Review: Blix Not Bombs
- Greta Stocklassa’s sophomore effort explores the complexities of post-9/11 diplomacy, but ends up asking the wrong questions
Czech-Swedish documentarian Greta Stocklassa explores identity formation, crucial choices and the inner workings of the present day from a personal and social standpoint. Documentaries, for her, are never solely observational, and she deems it important to interfere and question the status quo, both verbally and visually. Blix Not Bombs, competing for the F:act Award at CPH:DOX, is her sophomore feature, after Kiruna – A Brand New World [+see also:
film profile], and asks what the role of diplomacy is in politics. Could we have prevented political catastrophes if we hadn’t done things by the book?
The director is present from the very first shot: a home video sets the scene for a self-reflexive approach to a first-person narrative. Indeed, just as adult Greta shows her eight-year-old self blowing out the candles on her birthday cake and chatting about whatever comes to mind, later, another person will be confronted with a camera and numerous images of his past self. The film’s namesake is Hans Blix, a renowned Swedish diplomat whose work in defusing political tensions across the globe attracted Stocklassa’s attention in the first place. No context is given as to how or why she initially approached her compatriot, and they almost never talk about the interviews as a film in the making. The lack of such information makes this documentary portrait feel a bit too relaxed, given the seriousness of its themes and tone.
Stocklassa speaks for all of us who, growing up in the 1990s, briefly lived a life that made perfect sense: Europe was changing, and peace was a promise everyone was keen on keeping. For Blix Not Bombs, the director uses an abundance of newsreels that seem to have been meticulously gleaned from all sorts of television channels, arranging them in a media retrospective of their own, with subtle voice-over comments: “Is this the reality of growing up,” the filmmaker ponders, “or is it all just getting worse?” Even if these documents retell our recent history quite well, there are a few too many images of natural disasters, wars and suffering refugees that we know all too well right now, including the fall of the Twin Towers.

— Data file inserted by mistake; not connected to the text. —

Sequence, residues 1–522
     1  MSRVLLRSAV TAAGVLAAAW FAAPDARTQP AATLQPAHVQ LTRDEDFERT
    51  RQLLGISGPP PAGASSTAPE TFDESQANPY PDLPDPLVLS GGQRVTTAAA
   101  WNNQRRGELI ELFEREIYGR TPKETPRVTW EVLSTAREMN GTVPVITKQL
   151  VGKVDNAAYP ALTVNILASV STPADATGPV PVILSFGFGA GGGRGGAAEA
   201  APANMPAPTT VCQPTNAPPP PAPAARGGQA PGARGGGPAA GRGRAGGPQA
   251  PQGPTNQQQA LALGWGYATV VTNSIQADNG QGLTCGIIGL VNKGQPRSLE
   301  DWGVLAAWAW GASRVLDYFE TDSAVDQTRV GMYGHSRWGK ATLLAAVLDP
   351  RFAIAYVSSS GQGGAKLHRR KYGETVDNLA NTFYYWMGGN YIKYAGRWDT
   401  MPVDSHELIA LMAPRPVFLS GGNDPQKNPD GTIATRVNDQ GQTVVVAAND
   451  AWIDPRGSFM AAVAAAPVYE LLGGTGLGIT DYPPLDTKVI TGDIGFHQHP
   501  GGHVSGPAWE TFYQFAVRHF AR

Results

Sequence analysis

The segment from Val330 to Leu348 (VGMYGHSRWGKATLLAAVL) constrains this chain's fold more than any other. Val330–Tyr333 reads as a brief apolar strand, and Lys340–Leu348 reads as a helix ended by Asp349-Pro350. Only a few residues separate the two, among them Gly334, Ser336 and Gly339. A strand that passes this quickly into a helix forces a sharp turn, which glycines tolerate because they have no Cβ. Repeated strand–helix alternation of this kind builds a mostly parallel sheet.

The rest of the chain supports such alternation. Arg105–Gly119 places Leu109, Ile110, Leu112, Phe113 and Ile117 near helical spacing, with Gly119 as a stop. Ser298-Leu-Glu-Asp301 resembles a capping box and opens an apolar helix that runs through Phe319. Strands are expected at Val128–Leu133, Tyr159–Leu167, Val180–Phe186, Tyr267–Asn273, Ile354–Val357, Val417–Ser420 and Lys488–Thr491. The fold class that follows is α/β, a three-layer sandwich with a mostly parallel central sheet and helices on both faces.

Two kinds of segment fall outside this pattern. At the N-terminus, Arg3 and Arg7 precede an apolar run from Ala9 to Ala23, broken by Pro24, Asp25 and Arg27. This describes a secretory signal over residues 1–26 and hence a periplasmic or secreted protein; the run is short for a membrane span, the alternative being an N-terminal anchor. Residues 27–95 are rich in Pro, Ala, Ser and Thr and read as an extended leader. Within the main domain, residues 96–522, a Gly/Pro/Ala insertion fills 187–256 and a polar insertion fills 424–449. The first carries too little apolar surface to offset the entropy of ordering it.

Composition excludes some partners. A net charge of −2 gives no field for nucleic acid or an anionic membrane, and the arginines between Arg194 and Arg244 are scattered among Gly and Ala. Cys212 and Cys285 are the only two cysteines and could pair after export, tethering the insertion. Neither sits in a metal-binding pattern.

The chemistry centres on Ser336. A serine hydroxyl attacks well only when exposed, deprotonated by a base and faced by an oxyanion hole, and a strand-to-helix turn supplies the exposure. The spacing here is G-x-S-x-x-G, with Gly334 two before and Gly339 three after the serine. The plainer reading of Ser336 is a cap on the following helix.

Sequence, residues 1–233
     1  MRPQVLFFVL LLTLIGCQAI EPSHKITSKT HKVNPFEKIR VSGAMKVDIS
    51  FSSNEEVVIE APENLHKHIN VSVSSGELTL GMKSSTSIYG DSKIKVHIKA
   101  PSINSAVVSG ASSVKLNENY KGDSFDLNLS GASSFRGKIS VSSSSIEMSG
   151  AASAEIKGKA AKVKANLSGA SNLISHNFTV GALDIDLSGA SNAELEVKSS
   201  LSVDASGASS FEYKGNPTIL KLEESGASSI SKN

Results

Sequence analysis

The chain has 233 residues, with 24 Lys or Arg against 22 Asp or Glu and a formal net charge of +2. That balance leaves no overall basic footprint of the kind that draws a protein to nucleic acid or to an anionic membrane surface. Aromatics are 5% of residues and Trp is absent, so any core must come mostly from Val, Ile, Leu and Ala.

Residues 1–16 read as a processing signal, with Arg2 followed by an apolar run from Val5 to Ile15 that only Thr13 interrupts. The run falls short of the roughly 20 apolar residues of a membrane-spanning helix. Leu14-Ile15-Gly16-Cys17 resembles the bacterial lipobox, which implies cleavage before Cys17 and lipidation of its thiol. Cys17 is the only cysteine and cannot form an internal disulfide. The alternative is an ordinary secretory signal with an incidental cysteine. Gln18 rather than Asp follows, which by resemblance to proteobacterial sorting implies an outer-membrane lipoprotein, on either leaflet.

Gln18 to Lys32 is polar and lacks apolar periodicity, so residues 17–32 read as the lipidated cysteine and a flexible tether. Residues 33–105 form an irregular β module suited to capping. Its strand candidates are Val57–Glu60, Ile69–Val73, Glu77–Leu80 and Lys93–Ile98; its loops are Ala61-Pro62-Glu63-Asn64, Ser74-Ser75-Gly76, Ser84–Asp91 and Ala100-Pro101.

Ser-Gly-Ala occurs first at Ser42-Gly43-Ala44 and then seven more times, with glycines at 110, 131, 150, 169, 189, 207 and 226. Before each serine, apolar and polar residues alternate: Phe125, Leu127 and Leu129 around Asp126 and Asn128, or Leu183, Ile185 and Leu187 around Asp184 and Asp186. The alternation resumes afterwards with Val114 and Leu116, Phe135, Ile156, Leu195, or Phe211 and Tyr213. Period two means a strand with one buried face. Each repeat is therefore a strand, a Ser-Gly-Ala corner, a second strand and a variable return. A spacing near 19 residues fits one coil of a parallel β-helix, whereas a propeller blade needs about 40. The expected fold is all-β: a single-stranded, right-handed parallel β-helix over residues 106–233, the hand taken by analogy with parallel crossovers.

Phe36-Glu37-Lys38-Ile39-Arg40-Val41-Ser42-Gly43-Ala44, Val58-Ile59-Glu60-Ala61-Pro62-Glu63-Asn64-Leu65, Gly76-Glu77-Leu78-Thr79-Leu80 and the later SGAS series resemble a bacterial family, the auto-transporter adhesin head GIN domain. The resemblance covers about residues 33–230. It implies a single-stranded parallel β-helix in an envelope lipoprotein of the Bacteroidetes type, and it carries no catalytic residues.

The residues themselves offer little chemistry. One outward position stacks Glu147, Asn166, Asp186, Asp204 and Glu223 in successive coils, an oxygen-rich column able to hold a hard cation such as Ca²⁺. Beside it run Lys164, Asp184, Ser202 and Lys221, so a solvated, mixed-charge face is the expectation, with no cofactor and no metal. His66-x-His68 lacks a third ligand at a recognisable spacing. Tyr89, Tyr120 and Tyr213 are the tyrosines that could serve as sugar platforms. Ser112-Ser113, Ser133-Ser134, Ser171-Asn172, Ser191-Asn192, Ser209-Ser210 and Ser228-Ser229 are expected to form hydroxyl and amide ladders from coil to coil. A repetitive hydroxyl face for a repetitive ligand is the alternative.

This is where Blix comes into the spotlight of US politics. Even though he had been an active diplomat since the 1960s, working for the UN and nuclear safety following the Chernobyl disaster, his name is mostly associated with him leading the inspections of weapons of mass destruction in Iraq prior to the US invasion in 2003. Stocklassa is interested in the way the muted conflict between inspectors and politicians evolved in the run-up to the war, and she doesn’t shy away from questioning the role of moral duty, blame and the possibility of prevention. She even draws parallels with Putin’s invasion of Ukraine and makes a point about history repeating itself, as world leaders rely too heavily on diplomatic codes. Even if she aligns with the appeal to listen to one another in order to live in peace, the conversations she has with Blix are often frustratingly steered away from an important meta-reflection on diplomacy itself.
Instead, Stocklassa holds Blix responsible – or, more specifically, she’s surprised that he doesn’t hold himself accountable for the full-scale invasion. Ethical issues are always thorny, and the director is honest enough to always include herself – her voice, her face – as part of the conversation, instead of solely using the camera to build up a condemning narrative. However, her frustration highlights the divide between private and public morals in conducting politics, a realm unfortunately well beyond the grasp of an ordinary person.
Blix Not Bombs was produced by Pink Productions (Czech Republic) in co-production with Corso Film (Germany) and Sisyfos Film Production (Sweden).
Did you enjoy reading this article? Please subscribe to our newsletter to receive more stories like this directly in your inbox.